I am using the Graphics3D command in Mathematica to plot multiple 3 dimensional parallelotopes and two of them have overlapping faces. These two shapes have different colored faces, so the textures of the two seems to jump between the two colors. Is there any way to remove one or both of the textures in the overlapped area? Picture relatedIn the red circle is an example of the two colors mixing and switching from one to the other

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    $\begingroup$ Please provide example code so we can easily reproduce the issue. $\endgroup$ – kirma Jun 10 '20 at 14:43
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    $\begingroup$ This looks like z-fighting, see here: en.wikipedia.org/wiki/Z-fighting The effect is hard to avoid and is very pronounced in this example: Graphics3D[{Green, Cuboid[{0, 0, 0}, {1, 1, 1}], Red, Cuboid[{1/2, 1/2, 1/2}, {1, 1, 1}]}] $\endgroup$ – flinty Jun 10 '20 at 15:14
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    $\begingroup$ You have probably specified the surfaces so that they are exactly the same distance away from the camera. In that case it's impossible for Mathematica to know what it is you want. To resolve that, you only have to add a negligible offset to one of the surfaces to indicate to Mathematica which surface is supposed to be perceived as being closer to the camera. For example, in flinty's example you may change the second parameter of the red cube to {1, 1, 1} + 0.0001 to fix the issue. $\endgroup$ – C. E. Jun 10 '20 at 15:19
  • $\begingroup$ Related? (111945) $\endgroup$ – MarcoB Jun 10 '20 at 15:59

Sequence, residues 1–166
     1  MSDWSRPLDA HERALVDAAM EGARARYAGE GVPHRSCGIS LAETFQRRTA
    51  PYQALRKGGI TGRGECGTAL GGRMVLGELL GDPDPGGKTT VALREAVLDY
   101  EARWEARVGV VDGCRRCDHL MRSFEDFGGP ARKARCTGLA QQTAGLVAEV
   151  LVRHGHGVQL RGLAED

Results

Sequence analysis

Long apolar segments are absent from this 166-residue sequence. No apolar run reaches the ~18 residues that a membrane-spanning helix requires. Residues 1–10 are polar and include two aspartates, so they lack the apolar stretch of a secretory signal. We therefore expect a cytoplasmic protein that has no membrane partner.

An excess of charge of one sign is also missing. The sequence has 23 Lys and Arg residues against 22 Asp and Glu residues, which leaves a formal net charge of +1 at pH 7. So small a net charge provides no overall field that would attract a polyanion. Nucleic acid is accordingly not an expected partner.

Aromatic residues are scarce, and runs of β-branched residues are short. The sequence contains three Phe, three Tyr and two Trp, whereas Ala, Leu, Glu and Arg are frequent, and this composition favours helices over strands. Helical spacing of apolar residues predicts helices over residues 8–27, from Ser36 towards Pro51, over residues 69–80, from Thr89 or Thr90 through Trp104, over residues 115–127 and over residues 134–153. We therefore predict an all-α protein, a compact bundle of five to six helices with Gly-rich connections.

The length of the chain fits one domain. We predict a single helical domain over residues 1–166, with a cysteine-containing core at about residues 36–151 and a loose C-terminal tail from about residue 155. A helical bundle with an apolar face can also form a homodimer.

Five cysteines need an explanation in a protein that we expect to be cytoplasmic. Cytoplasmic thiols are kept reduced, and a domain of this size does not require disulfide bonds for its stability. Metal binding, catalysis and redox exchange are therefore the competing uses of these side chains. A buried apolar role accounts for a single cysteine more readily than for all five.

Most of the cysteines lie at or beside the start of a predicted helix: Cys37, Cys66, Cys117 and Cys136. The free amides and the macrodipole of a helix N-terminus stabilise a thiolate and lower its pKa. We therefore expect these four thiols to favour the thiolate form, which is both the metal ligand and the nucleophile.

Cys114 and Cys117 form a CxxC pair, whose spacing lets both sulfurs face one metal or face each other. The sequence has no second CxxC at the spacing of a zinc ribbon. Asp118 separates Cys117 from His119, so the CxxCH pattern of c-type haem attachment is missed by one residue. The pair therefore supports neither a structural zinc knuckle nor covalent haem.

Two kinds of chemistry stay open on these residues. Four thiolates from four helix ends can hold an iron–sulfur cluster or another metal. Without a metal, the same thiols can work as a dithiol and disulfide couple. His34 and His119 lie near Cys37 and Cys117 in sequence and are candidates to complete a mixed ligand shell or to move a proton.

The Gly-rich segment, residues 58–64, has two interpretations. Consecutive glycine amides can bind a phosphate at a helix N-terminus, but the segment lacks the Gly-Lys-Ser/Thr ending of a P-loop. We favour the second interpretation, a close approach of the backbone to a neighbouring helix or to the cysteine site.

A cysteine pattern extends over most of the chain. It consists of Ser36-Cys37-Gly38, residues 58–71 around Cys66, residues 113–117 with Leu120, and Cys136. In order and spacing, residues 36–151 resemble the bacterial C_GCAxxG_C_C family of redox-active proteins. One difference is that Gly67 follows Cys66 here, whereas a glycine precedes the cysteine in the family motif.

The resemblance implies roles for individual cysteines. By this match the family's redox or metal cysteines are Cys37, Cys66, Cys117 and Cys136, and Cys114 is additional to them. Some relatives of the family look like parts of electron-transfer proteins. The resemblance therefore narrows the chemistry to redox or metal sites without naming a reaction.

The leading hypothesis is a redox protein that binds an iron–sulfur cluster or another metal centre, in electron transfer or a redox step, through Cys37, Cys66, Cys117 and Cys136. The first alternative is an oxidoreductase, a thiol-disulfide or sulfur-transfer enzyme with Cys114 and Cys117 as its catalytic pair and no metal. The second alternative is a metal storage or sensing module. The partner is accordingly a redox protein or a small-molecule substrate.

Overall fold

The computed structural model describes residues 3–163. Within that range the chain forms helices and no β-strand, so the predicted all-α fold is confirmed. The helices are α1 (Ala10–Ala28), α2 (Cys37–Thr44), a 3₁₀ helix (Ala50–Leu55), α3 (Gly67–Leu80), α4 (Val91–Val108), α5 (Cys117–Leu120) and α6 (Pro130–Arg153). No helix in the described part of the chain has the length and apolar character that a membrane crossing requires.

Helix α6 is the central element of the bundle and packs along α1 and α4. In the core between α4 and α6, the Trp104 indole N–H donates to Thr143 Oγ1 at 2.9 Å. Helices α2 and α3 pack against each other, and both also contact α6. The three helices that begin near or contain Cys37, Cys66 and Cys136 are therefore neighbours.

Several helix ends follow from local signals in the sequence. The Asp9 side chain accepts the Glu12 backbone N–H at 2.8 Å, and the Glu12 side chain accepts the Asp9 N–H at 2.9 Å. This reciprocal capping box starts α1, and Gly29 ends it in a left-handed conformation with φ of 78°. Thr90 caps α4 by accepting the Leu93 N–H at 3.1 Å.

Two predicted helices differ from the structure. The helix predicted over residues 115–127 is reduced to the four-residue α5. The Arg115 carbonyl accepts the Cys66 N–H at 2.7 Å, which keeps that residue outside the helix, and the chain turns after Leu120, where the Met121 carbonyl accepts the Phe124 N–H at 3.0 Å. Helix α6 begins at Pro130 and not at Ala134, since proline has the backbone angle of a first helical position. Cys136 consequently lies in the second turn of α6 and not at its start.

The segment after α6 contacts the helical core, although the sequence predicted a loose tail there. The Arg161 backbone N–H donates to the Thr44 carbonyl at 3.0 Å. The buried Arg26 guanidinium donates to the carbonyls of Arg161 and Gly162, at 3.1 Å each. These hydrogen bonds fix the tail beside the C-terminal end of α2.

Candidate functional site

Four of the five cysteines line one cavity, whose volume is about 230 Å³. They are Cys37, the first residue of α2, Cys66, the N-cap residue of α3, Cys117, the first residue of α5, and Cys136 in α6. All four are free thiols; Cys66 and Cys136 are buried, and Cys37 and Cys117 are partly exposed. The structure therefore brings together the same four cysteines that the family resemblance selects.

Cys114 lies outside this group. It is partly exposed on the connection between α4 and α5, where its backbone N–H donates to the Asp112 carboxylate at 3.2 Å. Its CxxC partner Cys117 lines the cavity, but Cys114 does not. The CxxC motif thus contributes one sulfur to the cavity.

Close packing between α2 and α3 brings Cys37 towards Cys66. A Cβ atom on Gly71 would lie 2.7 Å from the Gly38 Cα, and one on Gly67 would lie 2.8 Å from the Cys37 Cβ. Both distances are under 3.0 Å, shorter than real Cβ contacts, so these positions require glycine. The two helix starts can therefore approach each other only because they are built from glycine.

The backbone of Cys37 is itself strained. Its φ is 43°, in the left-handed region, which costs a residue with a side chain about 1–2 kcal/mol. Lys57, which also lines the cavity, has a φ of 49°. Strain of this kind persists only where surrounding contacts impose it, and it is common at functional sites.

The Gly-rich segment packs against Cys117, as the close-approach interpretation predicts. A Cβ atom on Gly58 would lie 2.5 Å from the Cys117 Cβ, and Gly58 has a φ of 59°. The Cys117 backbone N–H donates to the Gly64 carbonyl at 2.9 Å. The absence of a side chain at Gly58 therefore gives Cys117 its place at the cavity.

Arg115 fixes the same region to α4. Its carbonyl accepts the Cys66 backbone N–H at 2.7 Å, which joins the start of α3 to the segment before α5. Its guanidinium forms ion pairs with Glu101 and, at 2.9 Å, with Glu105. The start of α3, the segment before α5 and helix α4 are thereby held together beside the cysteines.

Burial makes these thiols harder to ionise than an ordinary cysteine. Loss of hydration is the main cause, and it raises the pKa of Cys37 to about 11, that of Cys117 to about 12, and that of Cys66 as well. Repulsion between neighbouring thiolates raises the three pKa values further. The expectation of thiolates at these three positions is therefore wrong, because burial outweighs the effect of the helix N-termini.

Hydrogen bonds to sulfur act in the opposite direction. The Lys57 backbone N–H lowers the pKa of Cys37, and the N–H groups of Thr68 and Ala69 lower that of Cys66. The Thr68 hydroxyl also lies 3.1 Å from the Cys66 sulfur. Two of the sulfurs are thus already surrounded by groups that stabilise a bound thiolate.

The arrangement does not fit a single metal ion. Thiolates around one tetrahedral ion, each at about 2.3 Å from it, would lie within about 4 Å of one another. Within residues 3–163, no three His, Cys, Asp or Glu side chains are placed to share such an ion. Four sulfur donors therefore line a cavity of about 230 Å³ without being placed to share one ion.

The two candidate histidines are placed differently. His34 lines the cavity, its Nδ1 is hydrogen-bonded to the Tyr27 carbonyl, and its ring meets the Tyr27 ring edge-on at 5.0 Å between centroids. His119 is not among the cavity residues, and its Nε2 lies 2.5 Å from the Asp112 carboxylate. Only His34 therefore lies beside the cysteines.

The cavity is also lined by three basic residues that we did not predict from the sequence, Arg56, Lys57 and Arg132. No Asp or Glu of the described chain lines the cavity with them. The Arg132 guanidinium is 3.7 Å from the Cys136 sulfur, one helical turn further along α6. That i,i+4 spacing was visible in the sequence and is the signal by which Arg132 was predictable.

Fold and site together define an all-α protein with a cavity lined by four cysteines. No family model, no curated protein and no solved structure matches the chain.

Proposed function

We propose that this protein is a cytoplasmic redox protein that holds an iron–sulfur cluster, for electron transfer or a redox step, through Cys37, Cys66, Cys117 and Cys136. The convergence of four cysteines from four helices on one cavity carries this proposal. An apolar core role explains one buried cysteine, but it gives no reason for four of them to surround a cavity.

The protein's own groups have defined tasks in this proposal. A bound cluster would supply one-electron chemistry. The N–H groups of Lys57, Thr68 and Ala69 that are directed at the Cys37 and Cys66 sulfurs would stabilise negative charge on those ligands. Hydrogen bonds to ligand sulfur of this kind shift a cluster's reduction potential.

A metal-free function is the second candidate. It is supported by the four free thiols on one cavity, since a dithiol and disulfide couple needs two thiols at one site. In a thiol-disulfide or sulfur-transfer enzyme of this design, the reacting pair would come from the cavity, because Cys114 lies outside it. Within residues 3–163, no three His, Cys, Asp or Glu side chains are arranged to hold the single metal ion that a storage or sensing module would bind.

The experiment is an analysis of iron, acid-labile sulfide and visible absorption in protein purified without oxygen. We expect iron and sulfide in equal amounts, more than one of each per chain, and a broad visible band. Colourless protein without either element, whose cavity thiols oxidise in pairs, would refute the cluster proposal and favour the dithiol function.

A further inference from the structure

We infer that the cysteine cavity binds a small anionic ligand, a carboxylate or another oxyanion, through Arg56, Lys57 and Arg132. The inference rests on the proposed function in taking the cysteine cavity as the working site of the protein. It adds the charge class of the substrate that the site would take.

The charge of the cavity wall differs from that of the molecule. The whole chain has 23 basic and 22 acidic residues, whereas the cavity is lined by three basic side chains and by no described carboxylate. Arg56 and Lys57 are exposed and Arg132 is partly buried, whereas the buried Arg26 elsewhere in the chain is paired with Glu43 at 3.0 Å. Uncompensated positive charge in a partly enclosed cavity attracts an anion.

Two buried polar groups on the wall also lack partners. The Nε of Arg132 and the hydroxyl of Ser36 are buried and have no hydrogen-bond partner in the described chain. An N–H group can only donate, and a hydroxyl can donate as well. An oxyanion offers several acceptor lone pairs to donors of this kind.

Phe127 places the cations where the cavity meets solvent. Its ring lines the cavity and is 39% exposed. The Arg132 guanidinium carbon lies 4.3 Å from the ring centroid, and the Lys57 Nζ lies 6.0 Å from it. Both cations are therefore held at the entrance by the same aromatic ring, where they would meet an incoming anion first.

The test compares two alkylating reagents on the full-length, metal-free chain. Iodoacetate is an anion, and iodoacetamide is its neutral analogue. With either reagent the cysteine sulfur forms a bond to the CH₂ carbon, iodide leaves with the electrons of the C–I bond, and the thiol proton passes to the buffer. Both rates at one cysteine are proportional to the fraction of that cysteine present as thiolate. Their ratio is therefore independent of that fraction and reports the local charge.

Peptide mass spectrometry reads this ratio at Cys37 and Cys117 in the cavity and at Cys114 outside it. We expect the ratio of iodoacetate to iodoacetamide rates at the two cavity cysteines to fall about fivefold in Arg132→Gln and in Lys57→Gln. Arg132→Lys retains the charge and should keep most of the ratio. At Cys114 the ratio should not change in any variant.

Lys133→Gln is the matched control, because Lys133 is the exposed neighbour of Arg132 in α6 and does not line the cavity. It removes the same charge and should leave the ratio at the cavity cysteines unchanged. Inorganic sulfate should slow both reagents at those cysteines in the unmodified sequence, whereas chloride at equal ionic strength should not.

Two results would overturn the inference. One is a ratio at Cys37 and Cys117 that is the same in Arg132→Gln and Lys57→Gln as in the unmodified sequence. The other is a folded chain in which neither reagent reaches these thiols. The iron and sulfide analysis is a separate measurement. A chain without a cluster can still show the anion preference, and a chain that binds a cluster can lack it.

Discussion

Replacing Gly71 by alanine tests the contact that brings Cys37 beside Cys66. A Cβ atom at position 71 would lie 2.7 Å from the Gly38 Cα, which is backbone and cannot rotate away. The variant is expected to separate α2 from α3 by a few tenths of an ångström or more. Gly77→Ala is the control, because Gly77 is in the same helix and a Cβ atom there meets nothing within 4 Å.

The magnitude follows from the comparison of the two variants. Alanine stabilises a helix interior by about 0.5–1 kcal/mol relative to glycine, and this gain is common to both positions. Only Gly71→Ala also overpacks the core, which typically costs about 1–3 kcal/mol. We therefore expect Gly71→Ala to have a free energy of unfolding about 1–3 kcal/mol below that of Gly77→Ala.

As I mentioned in the comments, this is called z-fighting. It's hard to avoid and it produces ugly artifacts like in this example:

Graphics3D[{Green, Cuboid[{0, 0, 0}, {1, 1, 1}], Red, Cuboid[{1/2, 1/2, 1/2}, {1, 1, 1}]}]`


Your graphics card determines whether a triangle is occluded by another triangle using a z-buffer. If the z-buffer has too low of a precision this means the outcome will be subject to floating point rounding error and as you rotate the object you'll experience flickering and one surface popping out over another like this.

You can eliminate the z-fighting by making one face very slightly offset in a way that is visually unnoticeable but distinct enough that the depth buffer will consistently produce the occlusion of one triangle by another as you move the object:

tiny = 2^-16;
Graphics3D[{Green, Cuboid[{0, 0, 0}, {1, 1, 1}], Red, 
  Cuboid[{1/2, 1/2, 1/2}, {1 - tiny, 1 - tiny, 1 - tiny}]}]


  • $\begingroup$ Very well explained. +1 $\endgroup$ – Henrik Schumacher Jun 10 '20 at 16:07
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    $\begingroup$ I was also wondering about this and Method -> {"RelieveDPZFighting" -> True} doesn't fix the problem at least for sheared cubes. A slight offset of coplanar surfaces does it. $\endgroup$ – kirma Jun 10 '20 at 18:51
  • $\begingroup$ Thanks @kirma . I hadn't heard of that option. Maybe using BSP trees instead of z-buffering works? $\endgroup$ – flinty Jun 10 '20 at 20:05

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